Crocodylomorph

superorder of reptiles

The Crocodylomorphs are an important group of archosaurs. It includes the crocodilians and their extinct relatives.

Crocodylomorphs
Temporal range: Late Triassic–Recent, 235–0 Ma[1]
Terrestrisuchus.jpg
Skeleton of Terrestrisuchus, an early crocodylomorph
Scientific classification e
Kingdom: Animalia
Phylum: Chordata
Class: Reptilia
Clade: Paracrocodylomorpha
Clade: Loricata
Superorder: Crocodylomorpha
Hay, 1930

During Mesozoic and early Tertiary times the Crocodylomorpha were much more diverse than they are now.

They were originally small, lightly built, active land animals. These were supplanted during the early Jurassic by various aquatic and marine forms. The later Jurassic, Cretaceous, and Tertiary saw a wide diversity of terrestrial and semi-aquatic lineages. Modern crocodilians do not appear until the Upper Cretaceous.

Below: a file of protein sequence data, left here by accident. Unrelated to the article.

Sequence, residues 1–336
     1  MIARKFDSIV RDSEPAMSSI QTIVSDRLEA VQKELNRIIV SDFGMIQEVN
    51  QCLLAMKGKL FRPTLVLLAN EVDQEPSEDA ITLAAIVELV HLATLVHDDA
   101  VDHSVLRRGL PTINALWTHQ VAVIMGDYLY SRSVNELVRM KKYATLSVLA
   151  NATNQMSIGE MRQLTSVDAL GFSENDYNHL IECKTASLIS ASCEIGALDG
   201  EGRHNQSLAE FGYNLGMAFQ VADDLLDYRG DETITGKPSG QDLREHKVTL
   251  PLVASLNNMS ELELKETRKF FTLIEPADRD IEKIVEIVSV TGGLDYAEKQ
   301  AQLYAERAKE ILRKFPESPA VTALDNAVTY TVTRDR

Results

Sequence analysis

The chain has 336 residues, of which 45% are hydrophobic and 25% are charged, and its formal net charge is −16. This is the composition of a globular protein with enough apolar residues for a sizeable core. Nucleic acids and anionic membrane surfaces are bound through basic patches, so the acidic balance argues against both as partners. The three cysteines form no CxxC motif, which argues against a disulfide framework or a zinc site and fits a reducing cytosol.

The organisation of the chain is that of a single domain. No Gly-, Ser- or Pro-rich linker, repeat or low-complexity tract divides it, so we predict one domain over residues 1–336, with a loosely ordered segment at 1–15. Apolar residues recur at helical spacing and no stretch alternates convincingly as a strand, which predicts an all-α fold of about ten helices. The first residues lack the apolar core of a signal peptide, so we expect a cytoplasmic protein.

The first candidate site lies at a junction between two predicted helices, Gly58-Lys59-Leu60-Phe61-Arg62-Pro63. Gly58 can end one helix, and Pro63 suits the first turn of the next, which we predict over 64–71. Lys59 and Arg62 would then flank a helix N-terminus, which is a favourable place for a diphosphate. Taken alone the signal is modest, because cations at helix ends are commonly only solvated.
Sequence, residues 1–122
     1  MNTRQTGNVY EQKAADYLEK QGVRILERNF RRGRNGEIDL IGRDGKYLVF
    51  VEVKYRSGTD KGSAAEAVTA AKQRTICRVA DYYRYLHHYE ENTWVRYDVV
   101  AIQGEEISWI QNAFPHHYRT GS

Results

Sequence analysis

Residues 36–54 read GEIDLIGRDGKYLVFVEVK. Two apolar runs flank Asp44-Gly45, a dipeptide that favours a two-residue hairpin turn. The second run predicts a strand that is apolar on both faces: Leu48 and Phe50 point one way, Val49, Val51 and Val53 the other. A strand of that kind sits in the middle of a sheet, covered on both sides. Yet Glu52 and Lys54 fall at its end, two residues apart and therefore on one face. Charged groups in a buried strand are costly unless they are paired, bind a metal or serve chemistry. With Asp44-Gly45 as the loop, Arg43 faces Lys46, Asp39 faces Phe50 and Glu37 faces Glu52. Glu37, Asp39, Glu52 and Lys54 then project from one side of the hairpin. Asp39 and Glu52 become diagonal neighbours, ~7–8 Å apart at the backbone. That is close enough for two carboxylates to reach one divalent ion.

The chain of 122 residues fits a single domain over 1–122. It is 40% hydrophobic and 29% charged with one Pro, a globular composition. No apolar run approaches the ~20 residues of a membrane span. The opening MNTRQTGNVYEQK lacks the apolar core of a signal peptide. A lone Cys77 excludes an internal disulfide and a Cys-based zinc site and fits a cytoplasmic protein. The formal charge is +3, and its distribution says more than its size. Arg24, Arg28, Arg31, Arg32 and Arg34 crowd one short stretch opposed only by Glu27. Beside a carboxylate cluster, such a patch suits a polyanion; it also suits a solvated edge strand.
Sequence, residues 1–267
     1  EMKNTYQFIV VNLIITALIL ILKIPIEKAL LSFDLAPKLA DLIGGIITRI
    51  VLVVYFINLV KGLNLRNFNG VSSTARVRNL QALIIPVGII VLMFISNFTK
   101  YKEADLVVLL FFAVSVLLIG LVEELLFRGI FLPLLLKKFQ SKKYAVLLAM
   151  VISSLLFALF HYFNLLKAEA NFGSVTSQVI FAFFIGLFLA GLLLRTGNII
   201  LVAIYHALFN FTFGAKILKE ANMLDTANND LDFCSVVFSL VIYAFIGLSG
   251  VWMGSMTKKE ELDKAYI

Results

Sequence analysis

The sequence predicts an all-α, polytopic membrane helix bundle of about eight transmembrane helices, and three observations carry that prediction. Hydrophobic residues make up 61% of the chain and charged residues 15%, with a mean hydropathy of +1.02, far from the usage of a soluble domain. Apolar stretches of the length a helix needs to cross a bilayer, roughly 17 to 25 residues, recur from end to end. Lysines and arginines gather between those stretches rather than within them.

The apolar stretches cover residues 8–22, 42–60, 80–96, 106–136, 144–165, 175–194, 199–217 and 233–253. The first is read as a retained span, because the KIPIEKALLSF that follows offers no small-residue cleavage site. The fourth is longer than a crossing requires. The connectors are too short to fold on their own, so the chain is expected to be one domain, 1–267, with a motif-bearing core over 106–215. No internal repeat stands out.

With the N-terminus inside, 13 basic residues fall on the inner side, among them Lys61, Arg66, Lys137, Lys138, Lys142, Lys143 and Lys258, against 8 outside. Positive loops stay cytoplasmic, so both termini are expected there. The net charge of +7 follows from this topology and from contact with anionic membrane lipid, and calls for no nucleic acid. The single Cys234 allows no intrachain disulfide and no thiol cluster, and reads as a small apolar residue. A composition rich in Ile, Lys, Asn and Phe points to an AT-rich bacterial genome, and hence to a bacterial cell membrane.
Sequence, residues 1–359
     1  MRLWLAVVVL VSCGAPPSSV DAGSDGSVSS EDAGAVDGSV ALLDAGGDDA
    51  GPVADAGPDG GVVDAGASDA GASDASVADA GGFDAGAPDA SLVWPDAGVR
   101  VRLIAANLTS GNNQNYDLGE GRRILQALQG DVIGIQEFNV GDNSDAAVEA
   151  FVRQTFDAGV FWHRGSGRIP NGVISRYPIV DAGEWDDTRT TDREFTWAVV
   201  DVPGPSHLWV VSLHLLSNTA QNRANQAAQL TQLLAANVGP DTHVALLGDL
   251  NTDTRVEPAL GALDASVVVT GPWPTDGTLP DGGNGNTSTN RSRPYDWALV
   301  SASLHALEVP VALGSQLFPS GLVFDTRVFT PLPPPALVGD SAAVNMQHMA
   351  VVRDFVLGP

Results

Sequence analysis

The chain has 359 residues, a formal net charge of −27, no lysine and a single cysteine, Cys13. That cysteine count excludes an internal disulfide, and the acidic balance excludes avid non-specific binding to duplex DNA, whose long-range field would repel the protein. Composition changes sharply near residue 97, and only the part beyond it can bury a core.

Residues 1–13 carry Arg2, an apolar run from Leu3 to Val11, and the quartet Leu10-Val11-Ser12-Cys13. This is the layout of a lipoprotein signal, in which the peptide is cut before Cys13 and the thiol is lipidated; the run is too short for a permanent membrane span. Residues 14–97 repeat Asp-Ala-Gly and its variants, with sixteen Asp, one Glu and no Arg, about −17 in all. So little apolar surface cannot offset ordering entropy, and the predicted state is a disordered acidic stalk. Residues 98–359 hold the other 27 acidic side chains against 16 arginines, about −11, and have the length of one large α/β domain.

Evolutionary historyEdit

 
Sebecus icaeorhinus skull

The crocodylian lineage (clade Crurotarsi) were a very diverse group of reptiles. Not only are they an ancient group of animals, at least as old as the dinosaurs, they also evolved into a great variety of forms.[2]

The earliest forms, the sphenosuchians, evolved during the Upper Triassic. They were slim land animals built like greyhounds. During the Jurassic and the Cretaceous, marine forms evolved forelimbs that were paddle-like and had a tail similar to modern fish.

The group had a wider range of habitats and behaviours than it does at presenr. Dakosaurus andiniensis, a species closely related to Metriorhynchus, had a skull adapted for eating large marine reptiles. Several terrestrial species during the Cretaceous evolved herbivory. A number of lines during the Tertiary and Pleistocene became wholly terrestrial predators.

ClassificationEdit

ReferencesEdit

  1. Irmis, R. B.; Nesbitt, S. J.; Sues, H. -D. (2013). "Early Crocodylomorpha". Geological Society, London, Special Publications. 379 (1): 275–302. Bibcode:2013GSLSP.379..275I. doi:10.1144/SP379.24. S2CID 219190410.
  2. Nesbitt S.J. 2011. The early evolution of archosaurs: relationships and the origin of major clades. Bulletin of the American Museum of Natural History. 352: 1–292. [1][permanent dead link]